The “real” America

I’ve generally avoided political issues on this blog, but this isn’t something I can keep my mouth shut on.

imageYesterday Meb Keflezighi became the first American to win the New York City Marathon in 27 years. Born in Eritrea on the east coast of Africa, Keflezighi moved to the US when he as 12 (more than 20 years ago), is an American citizen and has raced for the US Olympic team.

Still, there are some who are calling his achievement diminished because he’s not “technically” an American by virtue of having been born outside of the United States – chief among them Darren Rovell of CNBC.  Rovell writes:

It’s a stunning headline: American Wins Men’s NYC Marathon For First Time Since ’82. Unfortunately, it’s not as good as it sounds. Meb Keflezighi, who won yesterday in New York, is technically American by virtue of him becoming a citizen in 1998, but the fact that he’s not American-born takes away from the magnitude of the achievement the headline implies.

This is appalling (not to mention racist). I know I’m particularly sensitive to this kind of bigotry because two of our three children were born and lived for a time outside of the United States (not that far from where Keflezighi was). They are not any less American than our oldest daughter who was born in Colorado. It’s amazing (and sad) to me that people really think this way. By Rovell’s definition many of America’s Founding Fathers weren’t “technically American”.

This is  a nation that was founded by immigrants and built on the promise of equal opportunity for all those that come to this country. The vast majority of Americans are only a few generations from their immigrant pasts.  It’s unbelievably disturbing that we’re losing sight of what’s made our country great. From the basics of our immigration policy to how we handle foreign-born workers looking for jobs in America we’re increasingly becoming a nation of xenophobes.

Darren Rovell probably doesn’t think of himself as a racist or a xenophobe – and therein lies a large part of the problem.

  • Pete Warden

    Thankfully he has apologized:

    I'd like to ask Darren how he earned his citizenship? Ah, you *inherited* it? 🙂

    • sethlevine

      somewhat hollow apology, but glad to see it nonetheless.

  • Great post, thank you! The most capable and productive engineering team I've ever had looked like a tiny United Nations. Some were US born, but we had brilliant members from Ethiopia, India, Pakistan, Palestine, Italy, Netherlands, etc. We did have one true native….he was Navaho. This country is only 200 years old; none of us are more than 2-3 generations removed from true immigrants. Congratulations to Meb Keflezighi!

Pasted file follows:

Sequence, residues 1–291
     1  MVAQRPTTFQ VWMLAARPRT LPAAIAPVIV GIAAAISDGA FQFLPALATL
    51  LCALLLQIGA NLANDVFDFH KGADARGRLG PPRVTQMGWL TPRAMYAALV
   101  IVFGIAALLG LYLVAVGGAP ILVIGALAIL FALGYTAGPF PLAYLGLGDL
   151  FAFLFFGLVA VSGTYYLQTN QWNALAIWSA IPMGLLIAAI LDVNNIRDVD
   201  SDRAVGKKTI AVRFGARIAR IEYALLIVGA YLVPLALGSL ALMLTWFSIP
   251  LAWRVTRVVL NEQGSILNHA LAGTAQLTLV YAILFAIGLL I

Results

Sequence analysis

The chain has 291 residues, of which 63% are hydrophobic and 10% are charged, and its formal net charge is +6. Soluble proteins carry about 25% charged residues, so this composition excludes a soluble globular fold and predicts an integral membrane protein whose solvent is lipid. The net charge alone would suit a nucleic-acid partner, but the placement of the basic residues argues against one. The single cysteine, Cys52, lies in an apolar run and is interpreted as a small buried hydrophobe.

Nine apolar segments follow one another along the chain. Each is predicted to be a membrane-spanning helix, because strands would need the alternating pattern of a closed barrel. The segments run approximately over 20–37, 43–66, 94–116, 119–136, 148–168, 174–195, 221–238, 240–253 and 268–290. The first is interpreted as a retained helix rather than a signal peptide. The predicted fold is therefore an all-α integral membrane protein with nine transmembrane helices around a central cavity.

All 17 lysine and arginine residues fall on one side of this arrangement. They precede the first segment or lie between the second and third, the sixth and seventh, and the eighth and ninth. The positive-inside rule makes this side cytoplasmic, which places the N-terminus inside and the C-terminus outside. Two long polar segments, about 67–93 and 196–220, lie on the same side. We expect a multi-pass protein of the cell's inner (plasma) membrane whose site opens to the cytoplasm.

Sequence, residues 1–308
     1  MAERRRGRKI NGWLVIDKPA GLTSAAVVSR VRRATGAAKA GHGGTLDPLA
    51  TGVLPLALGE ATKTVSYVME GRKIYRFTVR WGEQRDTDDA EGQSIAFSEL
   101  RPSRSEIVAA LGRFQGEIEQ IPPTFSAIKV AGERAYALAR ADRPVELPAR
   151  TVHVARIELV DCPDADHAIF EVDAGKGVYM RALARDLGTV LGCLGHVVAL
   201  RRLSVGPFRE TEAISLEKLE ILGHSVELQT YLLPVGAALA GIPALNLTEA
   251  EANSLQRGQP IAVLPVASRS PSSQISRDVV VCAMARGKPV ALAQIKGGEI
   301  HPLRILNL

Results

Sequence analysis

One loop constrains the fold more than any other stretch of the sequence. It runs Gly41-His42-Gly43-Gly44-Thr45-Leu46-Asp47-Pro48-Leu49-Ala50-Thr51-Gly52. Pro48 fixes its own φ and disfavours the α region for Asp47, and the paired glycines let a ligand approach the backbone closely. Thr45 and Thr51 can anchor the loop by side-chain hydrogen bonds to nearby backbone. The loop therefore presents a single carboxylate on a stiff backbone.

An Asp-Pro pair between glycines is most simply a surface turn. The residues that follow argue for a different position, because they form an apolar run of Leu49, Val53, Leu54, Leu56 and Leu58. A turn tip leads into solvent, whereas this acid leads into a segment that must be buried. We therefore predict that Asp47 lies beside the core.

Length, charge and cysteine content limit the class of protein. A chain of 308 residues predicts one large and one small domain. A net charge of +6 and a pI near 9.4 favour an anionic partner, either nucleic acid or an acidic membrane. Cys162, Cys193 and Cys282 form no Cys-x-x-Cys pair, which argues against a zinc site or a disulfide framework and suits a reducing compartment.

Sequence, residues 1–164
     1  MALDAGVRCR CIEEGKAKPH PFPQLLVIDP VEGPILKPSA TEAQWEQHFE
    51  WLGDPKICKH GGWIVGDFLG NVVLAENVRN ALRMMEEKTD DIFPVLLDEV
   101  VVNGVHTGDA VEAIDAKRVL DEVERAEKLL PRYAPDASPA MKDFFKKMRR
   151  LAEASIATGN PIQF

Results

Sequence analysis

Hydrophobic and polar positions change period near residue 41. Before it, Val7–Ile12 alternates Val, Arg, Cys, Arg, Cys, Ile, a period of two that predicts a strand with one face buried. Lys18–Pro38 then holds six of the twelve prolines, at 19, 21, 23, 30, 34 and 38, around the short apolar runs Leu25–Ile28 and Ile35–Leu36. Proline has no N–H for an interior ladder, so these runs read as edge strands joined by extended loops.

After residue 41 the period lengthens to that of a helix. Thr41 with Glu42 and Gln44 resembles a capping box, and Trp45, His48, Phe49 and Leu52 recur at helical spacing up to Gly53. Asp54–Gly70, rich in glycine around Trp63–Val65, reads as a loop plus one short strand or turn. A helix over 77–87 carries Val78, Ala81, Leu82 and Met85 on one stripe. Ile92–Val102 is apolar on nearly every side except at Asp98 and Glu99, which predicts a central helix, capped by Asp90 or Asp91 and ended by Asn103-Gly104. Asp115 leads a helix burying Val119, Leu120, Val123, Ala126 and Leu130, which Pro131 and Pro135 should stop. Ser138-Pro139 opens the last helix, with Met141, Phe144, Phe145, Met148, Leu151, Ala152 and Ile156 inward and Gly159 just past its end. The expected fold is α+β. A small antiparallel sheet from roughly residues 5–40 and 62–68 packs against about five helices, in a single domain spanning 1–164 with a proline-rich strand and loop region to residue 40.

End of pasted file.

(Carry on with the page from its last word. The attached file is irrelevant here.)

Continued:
• sethlevine

      it’s a shame that we don’t value the contributions of non-americans. more posts on this soon…

  • I agree that this is appalling, and it's sad that Rovell doesn't understand what an American is. However, I don't see any racism in the comment. Just an idiot.

    • Wiseclam

      Would Rovell make the same pronouncement about Gov. Arnold Schwarzenegger? Does he see Madeleine Albright as merely “technically American”? Henry Kissinger? If not one has to wonder why. Skin color may explain it.

      • sethlevine

        i completely agree.

  • Roy,

    I doubt that the Navaho's would consider this country to be 200yrs old!
    from an Irish immigrant thats now a US Citizen

    • Roy Kaller

      Agreed! He was the only “native”, the rest of us were “newbies”. His stories of his family's proud service as Marines, including as Codetalkers, and the systematic efforts to extinguish the culture by removing the children from the reservation was sobering. His complete lack of outward bitterness was also a lesson for us newbies.

  • Andrew Tschesnok

    Thanks for that post. When I read about the marathon in the NY Times I read the name, saw the picture of the victory and my first thought was “did he get citizenship for being an elite runner?” Then I noticed that he came here at 11. I was like “Yeah,.. a real American like me!”
    I came here when I was 14 and started running in High School at 16. I ran varsity in College. I was All New England and I was an American runner because America let me shine as an athlete where Germany never did.
    I'm appalled at Rovell. Unfortunately some of the dumbest Americans where born here – which makes sense – it does not take skill and determination to stay in the same place you were born.

  • Scott Caruso

    Good post Seth. This is clearly personal and I applaud your courage to make a public statement.

    • sethlevine

      thanks scott!

  • dave

    suck it up, its not racist he did say “Unfortunately, it's not as good as it sounds as he is black. ”

    Your own president wasn't born in America. Stop being so PC that is borderlines on stupidity.